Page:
3rd February, 2014 by Lauren Eads
Thousands of UK pub landlords are anxiously awaiting a crucial vote on the future of debt-laden Punch Taverns in the hope that it will not slip into administration.
Punch Taverns, which operates around 4,000 pubs in the UK, has been in talks for the last 14-months with lenders over a proposed restructuring to consolidate its massive £2.3 billion debt.
On Valentines day, lenders will vote on the pub companies latest proposal to restructure requiring a vote of 75% to move forward.
If the plans are voted down, it is likely Punch Taverns will default on its repayments and slip into administration leaving publicans in fear of losing their premises and the deposits paid out to Punch to become landlords – in some cases more than £20,000.
Steve Kemp, GMB lead officer for tied pub tenants, said: “This proposal to restructure Punch’s debt pile puts into sharp relief the wrongly held view that shareholders in a pubco own a pub business.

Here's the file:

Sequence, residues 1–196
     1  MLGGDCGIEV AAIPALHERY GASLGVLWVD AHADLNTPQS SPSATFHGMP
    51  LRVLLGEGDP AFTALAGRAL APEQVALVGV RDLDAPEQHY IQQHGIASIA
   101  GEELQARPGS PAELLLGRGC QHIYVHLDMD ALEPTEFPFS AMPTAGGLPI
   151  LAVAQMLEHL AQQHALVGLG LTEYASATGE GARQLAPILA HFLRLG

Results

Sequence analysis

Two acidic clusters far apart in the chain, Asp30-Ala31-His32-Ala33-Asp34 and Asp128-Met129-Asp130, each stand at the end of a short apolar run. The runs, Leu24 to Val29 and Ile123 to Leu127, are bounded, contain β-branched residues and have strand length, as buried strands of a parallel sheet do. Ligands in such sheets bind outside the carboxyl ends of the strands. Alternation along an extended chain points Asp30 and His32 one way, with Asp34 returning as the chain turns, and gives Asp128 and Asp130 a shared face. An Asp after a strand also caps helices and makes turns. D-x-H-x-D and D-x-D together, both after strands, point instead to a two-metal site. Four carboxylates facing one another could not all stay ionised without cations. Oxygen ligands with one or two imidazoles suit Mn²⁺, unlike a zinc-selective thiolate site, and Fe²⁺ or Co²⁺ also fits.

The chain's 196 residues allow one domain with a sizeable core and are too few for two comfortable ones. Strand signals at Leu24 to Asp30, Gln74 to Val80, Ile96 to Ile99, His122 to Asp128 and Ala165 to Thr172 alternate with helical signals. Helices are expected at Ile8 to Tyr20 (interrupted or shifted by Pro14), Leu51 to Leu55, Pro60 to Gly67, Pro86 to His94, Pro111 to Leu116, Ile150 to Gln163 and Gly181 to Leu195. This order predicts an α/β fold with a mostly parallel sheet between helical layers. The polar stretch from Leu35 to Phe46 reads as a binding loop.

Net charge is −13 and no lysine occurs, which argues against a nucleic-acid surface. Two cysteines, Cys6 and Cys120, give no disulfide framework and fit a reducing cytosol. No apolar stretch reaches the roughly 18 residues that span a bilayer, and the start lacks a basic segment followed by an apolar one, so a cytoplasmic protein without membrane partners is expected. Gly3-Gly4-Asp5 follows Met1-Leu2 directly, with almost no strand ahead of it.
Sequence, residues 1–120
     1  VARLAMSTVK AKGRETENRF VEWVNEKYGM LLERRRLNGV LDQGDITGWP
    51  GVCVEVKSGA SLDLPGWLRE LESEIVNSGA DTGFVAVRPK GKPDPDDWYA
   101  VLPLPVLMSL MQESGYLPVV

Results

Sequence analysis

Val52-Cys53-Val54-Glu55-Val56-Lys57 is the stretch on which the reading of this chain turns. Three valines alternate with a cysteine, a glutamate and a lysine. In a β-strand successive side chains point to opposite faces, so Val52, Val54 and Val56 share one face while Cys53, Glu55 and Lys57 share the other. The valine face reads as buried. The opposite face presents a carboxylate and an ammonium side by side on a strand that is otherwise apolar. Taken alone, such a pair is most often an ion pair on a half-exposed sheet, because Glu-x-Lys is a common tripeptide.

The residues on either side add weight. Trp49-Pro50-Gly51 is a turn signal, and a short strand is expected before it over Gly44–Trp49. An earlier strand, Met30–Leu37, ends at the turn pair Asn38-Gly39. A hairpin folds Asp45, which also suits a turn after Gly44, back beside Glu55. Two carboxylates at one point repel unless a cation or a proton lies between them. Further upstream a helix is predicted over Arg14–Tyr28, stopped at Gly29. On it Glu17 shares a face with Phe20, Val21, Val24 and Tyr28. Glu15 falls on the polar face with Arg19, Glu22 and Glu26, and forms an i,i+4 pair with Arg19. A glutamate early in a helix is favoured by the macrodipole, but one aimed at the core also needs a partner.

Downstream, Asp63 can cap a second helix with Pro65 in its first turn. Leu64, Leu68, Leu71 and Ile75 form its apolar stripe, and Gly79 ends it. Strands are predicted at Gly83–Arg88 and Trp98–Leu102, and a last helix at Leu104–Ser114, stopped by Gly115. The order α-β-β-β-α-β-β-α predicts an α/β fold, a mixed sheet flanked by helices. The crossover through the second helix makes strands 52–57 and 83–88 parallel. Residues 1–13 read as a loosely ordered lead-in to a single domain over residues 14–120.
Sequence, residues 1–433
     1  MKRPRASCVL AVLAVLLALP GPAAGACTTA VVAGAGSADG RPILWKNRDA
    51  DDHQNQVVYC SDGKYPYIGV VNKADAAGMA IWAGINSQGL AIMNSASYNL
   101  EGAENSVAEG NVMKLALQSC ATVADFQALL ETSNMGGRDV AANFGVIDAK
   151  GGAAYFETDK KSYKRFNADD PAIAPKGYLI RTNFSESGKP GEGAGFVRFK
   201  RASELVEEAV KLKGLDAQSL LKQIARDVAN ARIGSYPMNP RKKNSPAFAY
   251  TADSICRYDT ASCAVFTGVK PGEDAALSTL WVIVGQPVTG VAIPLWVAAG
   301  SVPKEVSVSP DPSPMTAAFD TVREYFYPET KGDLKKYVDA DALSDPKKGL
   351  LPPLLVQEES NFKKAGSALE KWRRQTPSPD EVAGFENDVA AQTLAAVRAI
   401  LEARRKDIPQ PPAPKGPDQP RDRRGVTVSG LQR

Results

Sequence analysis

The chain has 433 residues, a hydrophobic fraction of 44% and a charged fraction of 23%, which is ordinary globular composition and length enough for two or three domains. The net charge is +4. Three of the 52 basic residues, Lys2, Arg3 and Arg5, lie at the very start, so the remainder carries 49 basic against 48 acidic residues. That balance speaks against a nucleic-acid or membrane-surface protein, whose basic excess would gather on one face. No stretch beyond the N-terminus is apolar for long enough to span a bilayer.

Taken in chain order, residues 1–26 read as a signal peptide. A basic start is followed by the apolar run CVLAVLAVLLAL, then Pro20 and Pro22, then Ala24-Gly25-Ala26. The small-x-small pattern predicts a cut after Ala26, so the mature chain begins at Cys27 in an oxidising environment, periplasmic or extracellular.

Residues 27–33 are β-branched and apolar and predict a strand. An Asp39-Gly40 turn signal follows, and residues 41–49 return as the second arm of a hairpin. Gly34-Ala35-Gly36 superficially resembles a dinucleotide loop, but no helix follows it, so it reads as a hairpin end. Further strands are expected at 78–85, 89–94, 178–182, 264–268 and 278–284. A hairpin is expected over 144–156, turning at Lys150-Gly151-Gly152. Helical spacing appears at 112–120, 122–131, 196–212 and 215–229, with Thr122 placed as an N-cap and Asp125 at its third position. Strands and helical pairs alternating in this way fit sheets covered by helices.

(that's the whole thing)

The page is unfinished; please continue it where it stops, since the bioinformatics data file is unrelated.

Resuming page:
“In fact the Punch shareholders don’t own a pub business; they own a holding company which invests in and manages incomes from pubs- these are called pub securitisations.
“These securitisations are the infernal machine that is closing pubs across the country. It is the same infernal machine that drove Southern Cross care homes to the wall.”
According to a report by The Metro, major creditors indicated last week that they were likely to oppose the restructuring despite Punch chairman Stephen Billingham saying failure to agree “will lead to a much worse outcome with considerable uncertainty for the business”.
A spokesman for Punch Taverns said: “An end to uncertainty is critical for Punch Taverns and its tenants.
“The restructuring outcome rests with city institutions whose decisions are being watched very carefully. We are doing everything we can to avoid default.
“But, in the event it happens, we would hope an administrative receiver would recognise the importance of the tenants to the future of the business and act in their interests.”